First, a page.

Last August, the government imposed a new increase in natural gas prices for the fourth time in less than one year by 15 percent for houses and 14 percent for industrial usage.
Economists criticized the new roadmap to implement the economic program, adding that the three goals announced by Turkish Finance Minister Berat Albayrak are “unrealistic”.
Albayrak laid out on Monday Turkey’s targets in the New Economic Program (NEP) covering the 2020-2022 period. He stated that they trimmed the inflation forecast for the end of this year to 12 percent, from the current year’s predictions of 15.1 percent, and to 8.5 percent for 2020, 6 percent in 2021 and 4.9 percent in 2022.
“Growth in 2019 will be 0.5 percent…After closing 2019 with an unemployment rate of 12.9 percent, we aim to reduce the figure to 11.8 percent next year, 10.6 percent in 2021 and 9.8 percent in 2022,” the minister said.
Economist Ugur Gurses commented on Albayrak’s roadmap, saying that he presented it to persuade his father-in-law (Erdogan) and not the people. The official target of growth is 5 percent by 2022 but the presented target for inflation is 12 percent for 2019, 8.5 percent, 6 percent and 4.9 percent for the three coming years respectively.
Former Turkish Central Bank Governor Durmus Yilmaz said that the budget deficit estimates in 2020-2022 of 2.9, 2.5, and 1.5 percent are based on taxes collection, which in their turn will be provided by an anticipated growth of 5 percent in the coming three years.
Initially, the line would import 500 megawatts of electricity to its overstretched grid by 2020 and in competitive Gulf market prices, revealed the Iraqi Electricity Ministry.
The 300-kilometer transmission line would run from Kuwait to Iraq’s southern port of Faw and be financed by the GCC IA, according to the ministry.
Electricity Minister Luay al-Khateeb signed the deal, which comes amid other agreements signed with huge western firms under the strategy adopted by the ministry to reform and develop the sector, which has been suffering from a deteriorating power supply.
Iraq partly fills its power shortages by importing both electricity and natural gas from Iran.
Musab al-Mudarres, the spokesperson for the Iraqi Electricity Ministry, told Asharq Al-Awsat newspaper that Iraq seeks to become a promising market for energy by networking with the Gulf system and importing 500 megawatts by 2020, and being the link between the Gulf energy system and Europe’s.
Mudarres stressed that the ministry is working on a road map set to revitalize the energy sector, which depends on the assistance of giant firms such as General Electric (GE) and Siemens.
As for the volume of generated electricity and the target output of the ministry, the spokesperson said that Iraq has a power capacity of around 18,000 megawatts, including the amount imported through Iranian lines. But the ministry aims for 30,000 megawatts in the coming three to four years.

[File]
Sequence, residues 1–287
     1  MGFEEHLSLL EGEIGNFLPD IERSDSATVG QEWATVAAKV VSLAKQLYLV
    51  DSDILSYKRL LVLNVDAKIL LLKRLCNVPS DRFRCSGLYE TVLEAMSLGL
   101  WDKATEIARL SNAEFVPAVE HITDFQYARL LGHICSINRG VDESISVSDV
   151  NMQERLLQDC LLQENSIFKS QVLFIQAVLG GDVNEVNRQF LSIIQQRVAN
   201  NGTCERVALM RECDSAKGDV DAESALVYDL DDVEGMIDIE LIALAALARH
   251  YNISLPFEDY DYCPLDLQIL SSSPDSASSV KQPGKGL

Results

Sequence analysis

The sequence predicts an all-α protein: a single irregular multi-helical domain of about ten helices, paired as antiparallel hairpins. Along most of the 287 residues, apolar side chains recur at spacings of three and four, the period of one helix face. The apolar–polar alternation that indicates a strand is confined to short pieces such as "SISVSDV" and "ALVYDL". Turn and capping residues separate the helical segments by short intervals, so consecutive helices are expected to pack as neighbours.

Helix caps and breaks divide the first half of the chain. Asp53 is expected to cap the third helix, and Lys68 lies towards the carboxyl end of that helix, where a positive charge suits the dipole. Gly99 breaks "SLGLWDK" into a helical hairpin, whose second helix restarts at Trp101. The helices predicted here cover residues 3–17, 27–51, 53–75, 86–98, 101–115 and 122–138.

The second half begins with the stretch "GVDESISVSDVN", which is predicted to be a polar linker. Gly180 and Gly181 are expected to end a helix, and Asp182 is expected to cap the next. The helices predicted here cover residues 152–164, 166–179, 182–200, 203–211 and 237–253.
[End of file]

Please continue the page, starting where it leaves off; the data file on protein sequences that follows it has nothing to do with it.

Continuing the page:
On Saturday, the ministry signed deals with Siemens and Orascom Construction to rebuild two power plants. Also, GE signed a new agreement with Mass Energy Group Holding (MGH) to help boost electricity generation to 4.5 megawatts.
China Eastern Airlines released a permanent electronic luggage tag at Hongqiao airport on Tuesday that allows travelers to check-in and trace luggage using their mobile phones.
The carrier plans to release the first batch of 4,000 tags to its passengers on flights between Shanghai and Beijing.
The tag has a screen to show the passenger and flight information after coming in contact with a passenger’s electronic tags
smartphone. A chip embedded in the tag lets passengers follow the progress of their luggage on the phone.
“The new tag is convenient and I no longer need to remove the traditional paper tags often stuck tightly on the luggage,” said Li Rui who was one of the first travelers with an electronic tag on a Shanghai-Beijing flight during a trial period.
“It will be better if other carriers can also recognize the tag,” he added.
Some passengers expressed concern. “What if the tag goes missing during transportation,” said a passenger from Beijing surnamed Liu. “The traditional paper tag is difficult to remove but also hard to get lost,” she added.
“It will be better if other carriers can also recognize the tag,” said Li Rui who was among the first batch of travelers experienced the electronic tag on a Shanghai-Beijing flight.
China Eastern platinum card holders can apply for the electronic tag at ticket counters. Other passengers can apply through the airline’s app from Thursday. Frequent travelers between Shanghai and Beijing will have priority.
The service will be expanded to other flights and mainly the hub airports in the future, said Shen Chenyi, general manager of the airline’s luggage control center.
The airline also plans to make bespoke luggage tags for passengers, he added.
The electronic tags were in use during the first test run at Beijing’s new mega airport on July 20 as the sprawling air hub gears up for its opening in September. China Eastern, Shanghai Airlines and China United Airlines operated 12 simulated flights and opened 16 check-in counters at the Daxing International Airport for the exercise.
Previously, China Southern also announced the release of its electronic luggage tags to replace traditional paper tags.